An active garden is a happy garden. No summer afternoon would be complete without the harmonious buzz of insects, the symphony of chirping birds and the darting flutters of numerous butterflies. That’s why it is important to keep wildlife in mind when planning your spaces. Why not try one of these mini projects and help out our garden creatures?
Attract more insects, give birds a place to drink and bathe, and maybe even home the odd frog or newt!
Something as simple as a pile of sticks is a great home for insects, and a home for insects means fast food for birds, amphibians and hedgehogs.
If you really want to have an impact, why not give a bird a home. Birds will happily take a rent-free room, and although most will have nested by late spring/early summer, you should still see plenty of activity.
There are loads of ways to make your garden wildlife-friendly all year round. You can read more here.
Perhaps the most important feature of any garden are the flowers. They provide the perfect opportunity to personalise your outdoor space and can be arranged however you feel works best. You might choose to layer plants with depth, build up your beds with height, contrast them with colour or even arrange by aromatics! It’s up to you, and there are loads of plants to choose from. Here are 5 of our favourites.
If you’re looking to brighten up a bed, look no further than the Rudbeckia ‘Goldsturm’. These beauties clump together in groups and typically grow around 60cm tall. This makes them a great architectural plant, perfect for building height and depth in a bed, as well as contributing an unignorable pop of summer gold. Keep them watered and trim the odd deadhead and they should look after themselves, even in partial shade!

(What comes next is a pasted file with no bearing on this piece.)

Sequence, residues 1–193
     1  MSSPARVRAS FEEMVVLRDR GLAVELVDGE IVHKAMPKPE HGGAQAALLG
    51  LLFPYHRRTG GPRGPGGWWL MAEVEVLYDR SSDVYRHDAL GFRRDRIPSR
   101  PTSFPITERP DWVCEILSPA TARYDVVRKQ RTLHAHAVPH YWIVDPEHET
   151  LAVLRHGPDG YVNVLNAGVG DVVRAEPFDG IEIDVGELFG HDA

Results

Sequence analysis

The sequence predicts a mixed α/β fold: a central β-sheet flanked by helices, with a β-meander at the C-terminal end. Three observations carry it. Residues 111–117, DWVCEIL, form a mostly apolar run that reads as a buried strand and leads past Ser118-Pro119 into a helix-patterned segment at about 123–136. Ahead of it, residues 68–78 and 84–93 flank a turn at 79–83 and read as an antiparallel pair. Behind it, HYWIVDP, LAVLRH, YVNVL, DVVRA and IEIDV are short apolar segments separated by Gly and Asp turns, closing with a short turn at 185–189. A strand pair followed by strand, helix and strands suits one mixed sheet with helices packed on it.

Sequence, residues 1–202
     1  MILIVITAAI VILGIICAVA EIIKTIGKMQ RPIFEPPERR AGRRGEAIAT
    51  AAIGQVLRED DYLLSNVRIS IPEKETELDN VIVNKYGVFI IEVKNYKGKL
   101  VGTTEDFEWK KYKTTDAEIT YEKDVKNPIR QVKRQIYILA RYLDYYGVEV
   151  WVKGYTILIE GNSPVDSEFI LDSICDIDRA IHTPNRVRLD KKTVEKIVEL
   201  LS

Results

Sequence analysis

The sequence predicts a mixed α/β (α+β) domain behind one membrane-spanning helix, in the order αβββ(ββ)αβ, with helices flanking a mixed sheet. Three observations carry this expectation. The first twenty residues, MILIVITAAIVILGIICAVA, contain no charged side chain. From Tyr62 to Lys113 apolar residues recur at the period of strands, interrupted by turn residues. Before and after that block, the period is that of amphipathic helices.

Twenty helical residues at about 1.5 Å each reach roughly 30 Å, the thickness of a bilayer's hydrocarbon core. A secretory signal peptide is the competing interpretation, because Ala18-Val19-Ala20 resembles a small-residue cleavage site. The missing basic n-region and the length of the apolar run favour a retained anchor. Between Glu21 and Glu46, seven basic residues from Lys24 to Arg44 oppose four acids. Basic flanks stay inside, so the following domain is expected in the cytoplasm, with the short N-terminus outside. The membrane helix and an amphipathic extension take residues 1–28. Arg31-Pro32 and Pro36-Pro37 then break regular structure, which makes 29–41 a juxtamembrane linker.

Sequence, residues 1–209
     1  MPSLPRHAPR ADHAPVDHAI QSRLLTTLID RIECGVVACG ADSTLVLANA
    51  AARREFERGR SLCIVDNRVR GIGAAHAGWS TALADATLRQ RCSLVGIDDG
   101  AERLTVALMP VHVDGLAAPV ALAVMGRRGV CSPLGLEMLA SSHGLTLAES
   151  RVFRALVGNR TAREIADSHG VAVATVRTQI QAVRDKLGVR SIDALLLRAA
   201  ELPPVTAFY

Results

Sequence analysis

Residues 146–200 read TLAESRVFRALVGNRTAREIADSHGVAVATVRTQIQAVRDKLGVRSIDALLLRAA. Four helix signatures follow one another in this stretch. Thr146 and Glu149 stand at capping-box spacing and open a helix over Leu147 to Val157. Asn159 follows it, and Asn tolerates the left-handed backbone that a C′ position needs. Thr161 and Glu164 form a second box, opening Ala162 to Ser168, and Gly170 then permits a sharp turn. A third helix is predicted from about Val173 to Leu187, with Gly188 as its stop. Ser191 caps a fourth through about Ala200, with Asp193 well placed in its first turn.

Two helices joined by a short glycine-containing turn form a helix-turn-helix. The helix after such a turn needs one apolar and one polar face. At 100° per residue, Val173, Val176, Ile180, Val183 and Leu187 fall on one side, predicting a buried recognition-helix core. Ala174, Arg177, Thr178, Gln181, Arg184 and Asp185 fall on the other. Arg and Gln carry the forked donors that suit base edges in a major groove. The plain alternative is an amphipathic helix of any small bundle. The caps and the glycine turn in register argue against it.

Sweet Pea (Lathyrus)
These Italian natives are a British garden favourite. Sweet peas are climbing plants that can reach as high as 2 meters when supported properly by something like netting or a trellis. While very brightly coloured, the standout feature of these flowers are their strong smell, which has led to their use in fragrances leading back to the victorian era! This makes them popular with bees, butterflies and other pollinators, but can also attract unwanted attention from slugs, snails and aphids - so keep a close eye on them!
If you’re looking for something a little easier to look after, you might like the Cosmos Bipinnatus. These hardy flowers come in pinks, whites, oranges and reds, and can grow in most conditions (although they flower best in full sun). These are another strong smeller and their height makes them good for layering up beds, like the Rudbeckia. Their real standout feature, however, is how easy they are to grow; simply scattering seeds will likely result in success, and once developed they self-sow, meaning you won’t need to worry about them again.
When it comes to picking a petunia, you have a lot of options. There are roughly 35 species and each one is totally unique in colour and pattern. Most species won’t grow higher than around 25cm, which makes them good for lining a bed, planter or hanging basket. These plants will need constant watering without rain, and might even need plant food if you want to prolong the flowering period, although a good nutritious soil will do just fine.